Top ISIS fundraiser killed in rare US raid in Syria

WASHINGTON (AFP) - The United States upped the ante in its war on the Islamic State in Syria, killing a dozen militants and a major fundraiser Saturday in a rare ground operation by special forces, the White House said.

US commandos have entered Syria before, including last year on a failed bid to rescue Western hostages, but this week's operation appeared to mark a departure in missions targeting the militants.

The decision to send commandos to strike the inner circle of the Islamic State in Iraq and Syria (ISIS) group was an unexpected move by the Americans, who have so far fought the extremists almost entirely from the air.

The raid is the first publicly confirmed American ground operation targeting militants in Syria.

On orders from President Barack Obama, elite troops from the US Army's Delta special operations forces based in Iraq sought to capture the ISIS militant Abu Sayyaf, who oversaw oil smuggling for the extremists.

"During the course of the operation, Abu Sayyaf was killed when he engaged US forces," a spokeswoman for the White House National Security Council, Bernadette Meehan, said.

In the course of the raid, a Yazidi woman was rescued after apparently being enslaved by the commander and his wife, Umm Sayyaf, who is also suspected of being a member of the ISIS group and was captured, Meehan said.

"The operation also led to the freeing of a young Yazidi woman who appears to have been held as a slave by the couple. We intend to reunite her with her family as soon as feasible," she added.

The Yazidis, a religious minority in north-west Iraq, have been persecuted by militants, and rights groups say Yazidi women have been kidnapped, raped and sold as slaves.

The ISIS militant's wife is under "US military detention in Iraq" but American officials had not yet decided on her ultimate legal fate.

US officials, the White House said, suspect she "played an important role in ISIL's terrorist activities, and may have been complicit in the enslavement of the young woman rescued last night."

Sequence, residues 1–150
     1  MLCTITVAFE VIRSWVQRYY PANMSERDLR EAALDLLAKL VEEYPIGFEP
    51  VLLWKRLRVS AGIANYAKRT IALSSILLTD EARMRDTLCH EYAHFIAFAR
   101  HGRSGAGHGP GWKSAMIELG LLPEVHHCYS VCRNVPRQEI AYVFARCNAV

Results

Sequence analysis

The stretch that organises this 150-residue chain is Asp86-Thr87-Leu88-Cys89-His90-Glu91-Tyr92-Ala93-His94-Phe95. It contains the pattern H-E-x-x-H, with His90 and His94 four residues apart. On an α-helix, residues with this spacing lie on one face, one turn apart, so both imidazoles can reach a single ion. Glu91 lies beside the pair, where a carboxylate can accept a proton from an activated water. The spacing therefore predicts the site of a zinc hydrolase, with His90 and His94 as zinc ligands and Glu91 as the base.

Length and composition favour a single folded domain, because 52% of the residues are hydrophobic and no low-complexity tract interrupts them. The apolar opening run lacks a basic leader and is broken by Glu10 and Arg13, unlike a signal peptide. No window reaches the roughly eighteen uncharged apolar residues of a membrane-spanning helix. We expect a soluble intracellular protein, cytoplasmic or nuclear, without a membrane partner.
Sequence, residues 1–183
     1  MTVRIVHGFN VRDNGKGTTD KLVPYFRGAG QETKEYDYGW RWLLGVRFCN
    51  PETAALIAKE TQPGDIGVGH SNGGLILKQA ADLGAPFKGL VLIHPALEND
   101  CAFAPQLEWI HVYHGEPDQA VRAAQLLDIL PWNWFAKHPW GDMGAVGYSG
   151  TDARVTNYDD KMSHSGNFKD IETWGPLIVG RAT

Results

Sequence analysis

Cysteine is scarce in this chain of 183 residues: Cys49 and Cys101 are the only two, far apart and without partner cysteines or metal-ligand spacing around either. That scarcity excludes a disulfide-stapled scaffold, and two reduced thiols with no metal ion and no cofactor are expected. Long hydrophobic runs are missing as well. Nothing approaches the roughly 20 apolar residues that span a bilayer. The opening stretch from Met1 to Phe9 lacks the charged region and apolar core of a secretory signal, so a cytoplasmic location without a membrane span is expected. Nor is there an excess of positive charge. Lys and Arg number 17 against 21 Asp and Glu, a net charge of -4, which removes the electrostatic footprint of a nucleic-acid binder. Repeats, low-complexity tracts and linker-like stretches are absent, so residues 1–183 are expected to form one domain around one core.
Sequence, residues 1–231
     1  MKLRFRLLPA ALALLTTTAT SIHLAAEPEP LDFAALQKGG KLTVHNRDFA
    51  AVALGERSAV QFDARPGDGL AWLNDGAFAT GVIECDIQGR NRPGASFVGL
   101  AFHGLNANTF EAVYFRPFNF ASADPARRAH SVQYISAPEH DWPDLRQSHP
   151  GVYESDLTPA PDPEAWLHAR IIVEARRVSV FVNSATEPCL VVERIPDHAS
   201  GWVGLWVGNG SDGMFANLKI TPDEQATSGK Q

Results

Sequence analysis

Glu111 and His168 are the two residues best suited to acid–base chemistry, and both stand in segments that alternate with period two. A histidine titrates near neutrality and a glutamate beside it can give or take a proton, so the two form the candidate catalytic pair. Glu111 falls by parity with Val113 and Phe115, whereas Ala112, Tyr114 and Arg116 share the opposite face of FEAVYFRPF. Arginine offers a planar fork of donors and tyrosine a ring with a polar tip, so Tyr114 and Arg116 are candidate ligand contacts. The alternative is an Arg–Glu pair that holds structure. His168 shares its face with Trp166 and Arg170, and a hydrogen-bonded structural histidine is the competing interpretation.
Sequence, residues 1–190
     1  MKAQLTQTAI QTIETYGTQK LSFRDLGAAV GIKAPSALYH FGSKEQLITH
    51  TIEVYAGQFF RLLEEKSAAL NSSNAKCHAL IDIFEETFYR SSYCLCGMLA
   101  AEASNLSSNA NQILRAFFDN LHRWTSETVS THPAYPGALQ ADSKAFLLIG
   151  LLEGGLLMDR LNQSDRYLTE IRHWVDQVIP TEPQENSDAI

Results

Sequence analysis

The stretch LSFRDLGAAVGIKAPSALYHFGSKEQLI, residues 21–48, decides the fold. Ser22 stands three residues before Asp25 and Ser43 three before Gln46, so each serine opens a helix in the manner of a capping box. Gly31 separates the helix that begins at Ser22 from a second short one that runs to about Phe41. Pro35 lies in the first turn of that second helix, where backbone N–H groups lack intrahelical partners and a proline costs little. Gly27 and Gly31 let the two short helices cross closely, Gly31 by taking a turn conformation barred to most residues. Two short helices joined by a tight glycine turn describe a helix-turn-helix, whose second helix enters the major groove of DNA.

The American special forces went after Sayyaf in Al-Omar in eastern Syria, in a region where one of the country's biggest oil fields is located.

Members of the Delta special operations unit descended on Sayyaf's compound in Black Hawk helicopters and Osprey tilt-rotor aircraft, a defense official told AFP.

ISIS militants at the multi-storey compound tried to use women and children as shields but US forces were able to "separate the innocents," said the official, speaking on condition of anonymity.

In a firefight, US troops killed "about a dozen" armed militants but were able to avoid causing civilian casualties, the official said.

At one point, he said, fighting took place "at very close quarters, and there was hand-to-hand combat."

Describing Sayyaf as a "finance guy" who had become increasingly involved in the group's operational side, the official said the death was likely to hurt the militants' funding abilities.

Pentagon chief Ashton Carter hailed the raid as a triumph.

"The operation represents another significant blow to ISIL, and it is a reminder that the United States will never waver in denying safe haven to terrorists who threaten our citizens, and those of our friends and allies," he said, using an alternative acronym for the Islamic State group.

US forces suffered no casualties in the night raid, officials said, without offering details about how many troops were involved.

At least one of the Black Hawk choppers used in the raid had bullet holes from ISIS gunfire.

It was not the first time US officials acknowledged a covert raid inside Syria.

US commandos last year tried to rescue an American journalist held hostage by the Islamic State, James Foley.

But the operation failed, and Foley and other hostages had been moved by the time the US forces arrived. Foley was later executed.

Sayyaf, the senior militant targeted in the latest raid, was involved with ISIS military operations and had "a senior role in overseeing ISIL's illicit oil and gas operations," the White House said.

The oil smuggling provides "a key source of revenue that enables the terrorist organisation to carry out their brutal tactics and oppress thousands of innocent civilians."

US-led air strikes, launched in August last year, have repeatedly targeted the ISIS group's oil facilities The operation was carried out with the full approval of the Iraqi government, officials added. The United States has publicly severed ties with President Bashar al-Assad's Syrian regime.

Obama was grateful to "the Iraqi authorities for their support of the operation and for the use of their facilities, which contributed to its success," Meehan said.

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